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Thursday, March 26, 2009

MSU guard adds toughness

Michigan State’s Travis Walton, left, and Southern California’s Leonard Washington go for a loose ball Sunday in Minneapolis. Michigan State will play Kansas on Friday.

Michigan State’s Travis Walton, left, and Southern California’s Leonard Washington go for a loose ball Sunday in Minneapolis. Michigan State will play Kansas on Friday.

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— Travis Walton strolled onto Michigan State’s practice court shortly after midnight with a McDonald’s cup in one hand and a basketball in another.

“Just getting some shots up and watching more film,” Walton said Wednesday in an interview with The Associated Press. “Just cherishing this moment.”

The second-seeded Spartans still have a chance to soak up and create memories because the Big Ten’s defensive player of the year had his best game offensively in the second round against USC.

Walton scored a career-high 18 points in the win, putting Michigan State in the regional semifinals for the eighth time in 12 years and keeping his hopes alive to continue a streak for the elite basketball program.

Since Tom Izzo succeeded Jud Heathcote in 1995, every player who has played for the Spartans for four years has been on a Final Four team.

If Walton can help the Spartans beat defending national champion Kansas on Friday night and the winner of the Louisville-Arizona game on Sunday, he and his fellow seniors will extend the feat.

“It’s something you think about, but it takes patience,” Walton said. “We just have to focus on Kansas.”

Despite Walton’s breakout game, the Jayhawks probably won’t have to worry about him making rainbow jumpers from all angles as he stunningly did against USC.

They will, though, have to hope Sherron Collins can score against him.

Collins made 11 of 14 free throws and scored 25 points in Michigan State’s 13-point win on Jan. 10 in East Lansing.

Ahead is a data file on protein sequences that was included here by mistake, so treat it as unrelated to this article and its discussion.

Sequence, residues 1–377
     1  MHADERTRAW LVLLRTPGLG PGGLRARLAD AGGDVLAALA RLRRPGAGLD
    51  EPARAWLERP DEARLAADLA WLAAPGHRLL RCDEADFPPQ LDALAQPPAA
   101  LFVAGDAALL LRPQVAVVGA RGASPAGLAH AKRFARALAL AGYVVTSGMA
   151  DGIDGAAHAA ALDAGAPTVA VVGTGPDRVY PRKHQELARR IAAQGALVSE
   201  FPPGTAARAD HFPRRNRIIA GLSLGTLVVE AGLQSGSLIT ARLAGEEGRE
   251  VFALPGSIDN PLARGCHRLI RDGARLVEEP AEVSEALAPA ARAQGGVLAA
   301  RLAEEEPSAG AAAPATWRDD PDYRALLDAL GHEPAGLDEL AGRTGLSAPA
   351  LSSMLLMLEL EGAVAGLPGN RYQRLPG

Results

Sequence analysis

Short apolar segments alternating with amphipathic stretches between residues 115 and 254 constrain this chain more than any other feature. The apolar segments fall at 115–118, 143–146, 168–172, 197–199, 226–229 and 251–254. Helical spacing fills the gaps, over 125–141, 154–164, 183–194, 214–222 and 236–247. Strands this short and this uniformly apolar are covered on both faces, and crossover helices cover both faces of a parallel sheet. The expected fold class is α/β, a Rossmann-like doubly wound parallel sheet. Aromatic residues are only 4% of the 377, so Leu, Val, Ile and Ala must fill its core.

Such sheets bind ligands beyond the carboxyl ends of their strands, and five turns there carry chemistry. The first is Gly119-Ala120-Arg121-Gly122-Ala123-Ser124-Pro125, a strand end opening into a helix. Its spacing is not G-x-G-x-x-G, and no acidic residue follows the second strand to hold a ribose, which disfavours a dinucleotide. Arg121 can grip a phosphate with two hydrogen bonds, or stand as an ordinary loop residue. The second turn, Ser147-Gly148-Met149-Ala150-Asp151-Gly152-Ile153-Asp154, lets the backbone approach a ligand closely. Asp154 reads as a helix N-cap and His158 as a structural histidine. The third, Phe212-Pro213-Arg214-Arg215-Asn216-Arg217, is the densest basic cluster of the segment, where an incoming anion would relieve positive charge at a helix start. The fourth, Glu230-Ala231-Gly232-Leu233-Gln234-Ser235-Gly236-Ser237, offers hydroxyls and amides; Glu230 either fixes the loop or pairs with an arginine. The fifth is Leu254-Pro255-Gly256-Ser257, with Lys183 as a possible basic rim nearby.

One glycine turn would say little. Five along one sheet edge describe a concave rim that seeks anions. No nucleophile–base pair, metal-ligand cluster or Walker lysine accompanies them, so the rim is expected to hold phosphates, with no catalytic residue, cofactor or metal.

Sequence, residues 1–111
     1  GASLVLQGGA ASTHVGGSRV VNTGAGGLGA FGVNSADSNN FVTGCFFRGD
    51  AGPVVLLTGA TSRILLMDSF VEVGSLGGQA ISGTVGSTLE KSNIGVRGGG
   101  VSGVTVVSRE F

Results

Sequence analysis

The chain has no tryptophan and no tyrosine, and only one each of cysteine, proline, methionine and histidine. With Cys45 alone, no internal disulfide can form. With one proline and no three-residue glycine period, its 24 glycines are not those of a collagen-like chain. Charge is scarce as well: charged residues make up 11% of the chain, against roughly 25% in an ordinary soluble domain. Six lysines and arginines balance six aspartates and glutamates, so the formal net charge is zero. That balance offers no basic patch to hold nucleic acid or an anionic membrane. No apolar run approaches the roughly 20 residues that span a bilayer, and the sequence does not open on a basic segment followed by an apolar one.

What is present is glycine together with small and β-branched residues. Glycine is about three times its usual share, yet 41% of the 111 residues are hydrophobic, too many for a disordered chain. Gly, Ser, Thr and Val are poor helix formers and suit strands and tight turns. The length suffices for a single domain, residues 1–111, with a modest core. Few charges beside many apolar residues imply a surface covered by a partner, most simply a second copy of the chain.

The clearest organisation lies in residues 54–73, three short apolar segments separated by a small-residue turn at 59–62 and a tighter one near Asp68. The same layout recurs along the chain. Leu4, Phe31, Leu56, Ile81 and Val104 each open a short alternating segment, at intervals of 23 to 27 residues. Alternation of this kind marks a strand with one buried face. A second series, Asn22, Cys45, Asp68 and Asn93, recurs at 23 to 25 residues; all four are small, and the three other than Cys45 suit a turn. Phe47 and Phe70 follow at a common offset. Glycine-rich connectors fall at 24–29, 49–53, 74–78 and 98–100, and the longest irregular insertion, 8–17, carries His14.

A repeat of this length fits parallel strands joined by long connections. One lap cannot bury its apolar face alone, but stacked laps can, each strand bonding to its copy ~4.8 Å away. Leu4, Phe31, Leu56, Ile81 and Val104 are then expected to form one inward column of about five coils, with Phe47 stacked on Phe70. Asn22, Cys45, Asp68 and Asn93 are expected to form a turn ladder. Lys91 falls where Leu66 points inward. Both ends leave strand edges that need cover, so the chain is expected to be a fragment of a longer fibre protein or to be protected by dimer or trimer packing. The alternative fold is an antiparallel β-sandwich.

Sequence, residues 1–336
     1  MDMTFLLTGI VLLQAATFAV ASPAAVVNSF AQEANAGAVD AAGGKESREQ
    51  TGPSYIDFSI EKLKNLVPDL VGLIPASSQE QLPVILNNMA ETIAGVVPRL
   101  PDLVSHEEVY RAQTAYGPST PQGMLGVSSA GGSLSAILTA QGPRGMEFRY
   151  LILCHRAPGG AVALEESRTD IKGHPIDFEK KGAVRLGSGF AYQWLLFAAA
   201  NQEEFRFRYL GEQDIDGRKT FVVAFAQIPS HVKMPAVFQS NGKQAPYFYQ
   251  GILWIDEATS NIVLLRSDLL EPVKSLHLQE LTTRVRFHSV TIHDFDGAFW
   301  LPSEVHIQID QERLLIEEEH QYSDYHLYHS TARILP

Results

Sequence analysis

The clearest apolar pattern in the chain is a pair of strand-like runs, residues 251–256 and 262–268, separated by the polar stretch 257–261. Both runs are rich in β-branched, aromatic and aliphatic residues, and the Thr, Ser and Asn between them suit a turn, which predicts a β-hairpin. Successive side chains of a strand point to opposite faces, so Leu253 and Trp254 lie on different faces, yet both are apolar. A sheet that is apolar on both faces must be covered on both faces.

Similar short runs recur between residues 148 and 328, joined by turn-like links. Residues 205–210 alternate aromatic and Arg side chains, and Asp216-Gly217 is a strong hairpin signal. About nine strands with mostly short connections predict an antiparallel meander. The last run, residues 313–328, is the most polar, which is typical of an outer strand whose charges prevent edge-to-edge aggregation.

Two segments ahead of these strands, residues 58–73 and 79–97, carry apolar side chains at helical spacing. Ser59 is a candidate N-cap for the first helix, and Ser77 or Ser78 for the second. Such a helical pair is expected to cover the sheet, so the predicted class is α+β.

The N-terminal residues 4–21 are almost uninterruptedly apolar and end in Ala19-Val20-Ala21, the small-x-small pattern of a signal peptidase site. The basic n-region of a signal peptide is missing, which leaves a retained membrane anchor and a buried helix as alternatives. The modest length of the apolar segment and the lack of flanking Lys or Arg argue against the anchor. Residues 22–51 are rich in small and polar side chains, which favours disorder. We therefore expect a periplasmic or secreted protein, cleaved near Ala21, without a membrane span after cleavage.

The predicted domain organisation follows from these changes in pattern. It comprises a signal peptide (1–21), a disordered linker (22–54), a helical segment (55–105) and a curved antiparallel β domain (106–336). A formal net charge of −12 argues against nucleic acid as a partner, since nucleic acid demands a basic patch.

“The key is keeping him off the line this time,” Walton said. “But that’s easier said than done because he’s really good.”

Walton’s statistics aren’t good, but his impact is great.

He is scoring just 5.3 points a game, ranking seventh on the team, and averaging 3.2 assists, 2.3 rebounds and 1.5 steals.

The guard has made his greatest contribution with intangibles Izzo needed again.

Michigan State won the 2000 national championship during a four-year run that included four Big Ten titles and three Final Four appearances because it was mentally and physically tougher than many of its opponents.

Then, the Spartans went seven seasons without a conference championship and advanced to the national semifinals once.

Izzo said he made the mistake of valuing talent over toughness before recruiting Walton to bring the program back to its blue-collar roots.

Comments

jaybate 10 years, 10 months ago

Izzo values toughness over talent in recruiting everyone.

Self values toughness in a point guard.

And the game gets rougher and rougher.

It is a vicious circle.

The refs let'em play.

The coaches recruit tougher players.

The players play rougher.

The refs have to let'em play even more, or they all foul out.

The coaches realize they have to recruit even tougher players.

The even tougher players play rougher.

And so on the spiral of basketball violence climbs.

Call the game by the rules.

Games without rules are not games.

They are violent spectacles to generate ratings and crowds.

Call the game by the rules.

Jfanallways 10 years, 10 months ago

not to mention what fun is it to watch the bench play out the end of the year because the starters on every team have beat each other senseless

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